Focus on Fostoria - Oct1005

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Published on 10/09/05 in the Fostoria Focus
Historical Society members get on board the learning train
Focus Correspondent
Back in the day The Nickel Plate depot on South Union Street as it looked in the heyday of rail travel in Fostoria. According to Professor Mark Camp’s book, roughly a dozen depots served Fostoria in the early 1900s.

Just as passengers once gathered at railroad depots to board the train, 25 members and guests of the Fostoria Area Historical Society gathered at the museum to figuratively get on board Professor Mark Camp’s presentation on “Railroad Depots of Northwest Ohio” on Sept. 25. Camp teaches geology at the University of Toledo and is a director of the Railroad Station Historical Society. He’s been interested in railroad depots for over 40 years.

“I actually developed my interest from model railroading. When I was a kid, my dad and I built a layout,” he said.

Then one day in the early 1960s, his mother drove him out to Curtice, near Toledo, to take pictures of some old locomotives.

“While we were there, I saw a little depot and photographed that. I thought it would be interesting,” he said. “That’s how it began.

” Camp’s PowerPoint presentation focused on depots located in or near Fostoria on lines that passed through town.

Railroad stations and railroad depots aren’t necessarily the same thing. A station is a geographical point on the line. A depot is an actual structure built at a station. Most depots have a platform along the track. They also generally have two distinctive features. One is a significant overhang to provide some shelter. The second is a bay window which allows the ticket agent or telegrapher to see up and down the track. This person might also operate the depot’s order board, or signal, to tell the engineer to stop, proceed or slow down.

Camp has written a book, “Railroad Depots of Northwest Ohio.” The 128-page volume contains several pictures of Fostoria’s old depots which he used in his presentation.

The B&O depot on South Main Street, now used by CSX, was opened in 1907. It closed in 1971 and reopened to passengers when Amtrak stopped here from 1990-95 and 1997-2005.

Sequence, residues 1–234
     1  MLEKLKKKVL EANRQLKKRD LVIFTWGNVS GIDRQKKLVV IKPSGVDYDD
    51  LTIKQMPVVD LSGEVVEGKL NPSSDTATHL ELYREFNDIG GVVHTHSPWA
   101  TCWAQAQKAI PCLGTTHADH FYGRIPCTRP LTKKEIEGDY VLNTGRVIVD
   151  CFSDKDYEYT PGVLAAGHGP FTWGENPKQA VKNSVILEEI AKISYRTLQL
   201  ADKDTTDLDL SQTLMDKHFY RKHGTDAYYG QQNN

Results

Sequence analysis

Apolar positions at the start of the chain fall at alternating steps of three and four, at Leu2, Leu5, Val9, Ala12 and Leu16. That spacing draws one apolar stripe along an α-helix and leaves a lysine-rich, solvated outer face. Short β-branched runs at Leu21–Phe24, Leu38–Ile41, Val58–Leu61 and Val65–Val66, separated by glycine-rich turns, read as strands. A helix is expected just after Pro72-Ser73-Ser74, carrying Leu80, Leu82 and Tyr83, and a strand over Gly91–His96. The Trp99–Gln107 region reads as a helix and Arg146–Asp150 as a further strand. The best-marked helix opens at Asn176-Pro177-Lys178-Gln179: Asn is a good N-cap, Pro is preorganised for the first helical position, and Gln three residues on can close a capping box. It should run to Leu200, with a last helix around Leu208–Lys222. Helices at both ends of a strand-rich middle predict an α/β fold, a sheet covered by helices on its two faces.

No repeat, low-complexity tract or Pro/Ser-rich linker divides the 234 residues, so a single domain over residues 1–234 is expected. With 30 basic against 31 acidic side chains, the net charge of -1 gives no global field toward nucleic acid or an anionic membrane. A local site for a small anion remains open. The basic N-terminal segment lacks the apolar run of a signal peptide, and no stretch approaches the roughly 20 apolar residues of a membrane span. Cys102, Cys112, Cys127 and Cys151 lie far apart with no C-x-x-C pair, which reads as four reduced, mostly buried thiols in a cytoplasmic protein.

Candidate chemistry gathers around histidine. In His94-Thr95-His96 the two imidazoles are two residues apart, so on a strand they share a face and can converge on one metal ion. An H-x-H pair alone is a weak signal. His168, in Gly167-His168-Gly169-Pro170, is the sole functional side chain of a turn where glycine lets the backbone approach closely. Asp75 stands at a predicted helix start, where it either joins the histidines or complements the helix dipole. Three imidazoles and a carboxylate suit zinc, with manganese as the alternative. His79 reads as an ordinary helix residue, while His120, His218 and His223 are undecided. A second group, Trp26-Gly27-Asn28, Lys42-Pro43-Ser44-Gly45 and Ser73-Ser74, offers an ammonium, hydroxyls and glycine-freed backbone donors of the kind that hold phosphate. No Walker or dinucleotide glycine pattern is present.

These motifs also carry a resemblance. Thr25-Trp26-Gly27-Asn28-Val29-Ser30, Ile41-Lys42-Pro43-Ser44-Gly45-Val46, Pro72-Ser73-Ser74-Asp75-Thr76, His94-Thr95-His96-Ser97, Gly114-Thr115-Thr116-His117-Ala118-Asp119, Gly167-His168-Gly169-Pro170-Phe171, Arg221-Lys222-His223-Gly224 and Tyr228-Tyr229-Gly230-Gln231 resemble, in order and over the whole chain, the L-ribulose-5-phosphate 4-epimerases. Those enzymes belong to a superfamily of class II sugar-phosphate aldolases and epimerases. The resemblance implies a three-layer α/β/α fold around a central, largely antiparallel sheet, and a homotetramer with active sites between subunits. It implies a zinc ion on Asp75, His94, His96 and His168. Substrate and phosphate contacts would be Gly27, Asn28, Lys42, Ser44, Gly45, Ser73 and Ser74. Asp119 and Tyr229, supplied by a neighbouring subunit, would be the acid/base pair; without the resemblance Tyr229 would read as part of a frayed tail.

The Columbus, Hocking Valley & Toledo depot was on Sandusky Street near the Lake Erie & Western crossing. There was also a detached building for the signal operator and a small freight depot which still stands.

A distinctive feature of the CHV&T depot was an extensive overhang off the front that was supported by five posts.

The Lake Erie & Western depot on North Street, now used by the Camp Fire Boys and Girls, was built in 1879. Passenger service between Fostoria and Sandusky ended in 1929. After freight service ended, Rupp & Riggs feed store used the depot until the 1970s.

The Nickel Plate depot was on South Union Street. A 1910 photograph shows about a dozen and a half people waiting as a train pulls in. A water tower was located next to the depot. It was torn down in 1967.

Other area depots had their unique features.

The B&O depot in North Baltimore had an octagonal second-story tower so the operator had a clear view of the track. The B&O depot in Willard was a thing of beauty. A long, two-story brick structure, the depot had a restaurant and sleeping rooms.

The Nickel Plate depot in Miller City was small and undistinguished looking, but it had an impact on Fostoria history.

At the conclusion of Camp’s presentation, folks shared some of their recollections of train travel. Doc Lehmann said, “If it wasn’t for the depot in Miller City, I wouldn’t be here.

” It seems Doc’s dad lived here in Fostoria. He’d take the train to Miller City to court Doc’s mom. The train would slow down, but wouldn’t stop so Doc’s dad had to jump off.

When it was time to come home, the train slowed down so he could hop aboard. Doc’s dad did a good job jumping on and off moving trains. He did a good job convincing Doc’s mom to marry him.

That’s how Doc got here and so that depot in Miller City turned out to be a very good thing for Fost